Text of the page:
vaudeville (vôd´vĬl), originally a light song, derived from the drinking and love songs formerly attributed to Olivier Basselin and called Vau, or Vaux, de Vire. Similar to the English music hall, American vaudeville was a live entertainment consisting of unrelated songs, dances, acrobatic and magic acts, and humorous skits and sketches by a variety of performers and acts, each on stage for about five minutes. From humble origins in barrooms and "museums," vaudeville became the dominant attraction in American popular entertainment, playing in hundreds of theaters throughout the United States. It flourished from 1881, when Tony Pastor gave the first "big time" vaudeville show in New York City, until 1932, when its greatest center, New York's Palace Theatre, abandoned live shows and became a movie theater. Such headliners as George M. Cohan, Harry Houdini, Eva Tanguay, W. C. Fields, Fay Templeton, Will Rogers, Ed Wynn, Eddie Cantor, Jimmy Durante, Irene Franklin, Fred Allen, George Burns and Gracie Allen, Bob Hope, Jack Benny, Edgar Bergen, and the Marx Brothers began their careers playing the vaudeville circuits. Beginning in the 1890s there also was an invigorating influx of performers from England and France who were a major influence on the growing sophistication and high quality of vaudeville. The popularity of radio and motion pictures caused vaudeville's decline, and many established performers moved into the new media. Television, however, brought about a revival of vaudeville-style revues.

See C. W. Stein, ed., American Vaudeville As Seen by Its Contemporaries (1984); S. Staples, Male-Female Comedy Teams in American Vaudeville, 1865–1932 (1984); A. Slide, ed., Selected Vaudeville Criticism (1988); Trav S. D., No Applause—Just Throw Money: The Book That Made Vaudeville Famous (2005).

The Columbia Encyclopedia, 6th ed. Copyright© 2018, The Columbia University Press.

Vaudeville: Selected full-text books and articles

American Popular Music and Its Business: The First Four Hundred Years, from 1790-1909 By Russell Sanjek Oxford University Press, vol.2, 1988
Librarian's tip: "Vaudeville and Popular Music" on p. 337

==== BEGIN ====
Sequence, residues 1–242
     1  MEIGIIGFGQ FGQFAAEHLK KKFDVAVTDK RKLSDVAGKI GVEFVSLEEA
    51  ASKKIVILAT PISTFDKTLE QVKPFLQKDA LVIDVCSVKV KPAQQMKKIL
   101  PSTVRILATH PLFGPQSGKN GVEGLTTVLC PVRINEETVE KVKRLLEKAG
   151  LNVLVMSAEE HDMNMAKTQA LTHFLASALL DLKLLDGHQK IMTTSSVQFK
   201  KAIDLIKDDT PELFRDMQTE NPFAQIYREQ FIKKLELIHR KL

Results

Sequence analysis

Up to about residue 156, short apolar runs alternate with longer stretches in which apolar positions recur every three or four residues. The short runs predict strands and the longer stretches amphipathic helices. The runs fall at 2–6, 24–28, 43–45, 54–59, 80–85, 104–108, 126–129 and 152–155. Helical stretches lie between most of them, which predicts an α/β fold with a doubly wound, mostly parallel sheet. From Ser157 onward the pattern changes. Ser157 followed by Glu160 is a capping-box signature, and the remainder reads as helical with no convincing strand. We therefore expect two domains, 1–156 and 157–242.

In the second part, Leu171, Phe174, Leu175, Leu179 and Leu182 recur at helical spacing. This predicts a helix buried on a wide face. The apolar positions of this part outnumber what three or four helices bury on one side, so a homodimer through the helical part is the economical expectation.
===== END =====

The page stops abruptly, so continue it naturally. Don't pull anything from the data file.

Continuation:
Horrible Prettiness: Burlesque and American Culture By Robert C. Allen University of North Carolina Press, 1991
Librarian's tip: "Vaudeville and Burlesque: Consolidation and Excorporation" on p. 185
FREE! The Popular Theatre By George Jean Nathan A. A. Knopf, 1918
Librarian's tip: Chap. 14 "It's 'Big Time' Vaudeville" and Chap. 15 "It's 'Small Time' Vaudeville"
Dancing till Dawn: A Century of Exhibition Ballroom Dance By Julie Malnig Greenwood Press, 1992
Librarian's tip: Chap. 4 "Taking the Palace by Storm: Exhibition Ballroom Dance in Vaudeville of the Teens and Twenties"
Humor and Ethnic Stereotypes in Vaudeville and Burlesque By Mintz, Lawrence E MELUS, Vol. 21, No. 4, Winter 1996
Peer-reviewed publications on Questia are publications containing articles which were subject to evaluation for accuracy and substance by professional peers of the article's author(s).
Pages from the Harlem Renaissance: A Chronicle of Performance By Anthony D. Hill Peter Lang, 1996
Librarian's tip: Chap. IV "Improving Conditions on the TOBA Black Vaudeville Circuit"
Fools and Jesters in Literature, Art, and History: A Bio-Bibliographical Sourcebook By Vicki K. Janik; Emmanuel S. Nelson Greenwood Press, 1998
Librarian's tip: "George Burns and Gracie Allen: The Jewish Vaudeville Tradition" begins on p. 106
Popular Theatres of Nineteenth-Century France By John McCormick Routledge, 1993
Librarian's tip: Chap. 8 "The Vaudeville"
Singing the French Revolution: Popular Culture and Politics, 1787-1799 By Laura Mason Cornell University Press, 1996
Librarian's tip: "Theatrical Singing and the Vaudeville" begins on p. 70
Encyclopedia of 20th-Century American Humor By Alleen Pace Nilsen; Don L. F. Nilsen Oryx Press, 2000
Librarian's tip: "Vaudeville and Burlesque" on p. 304
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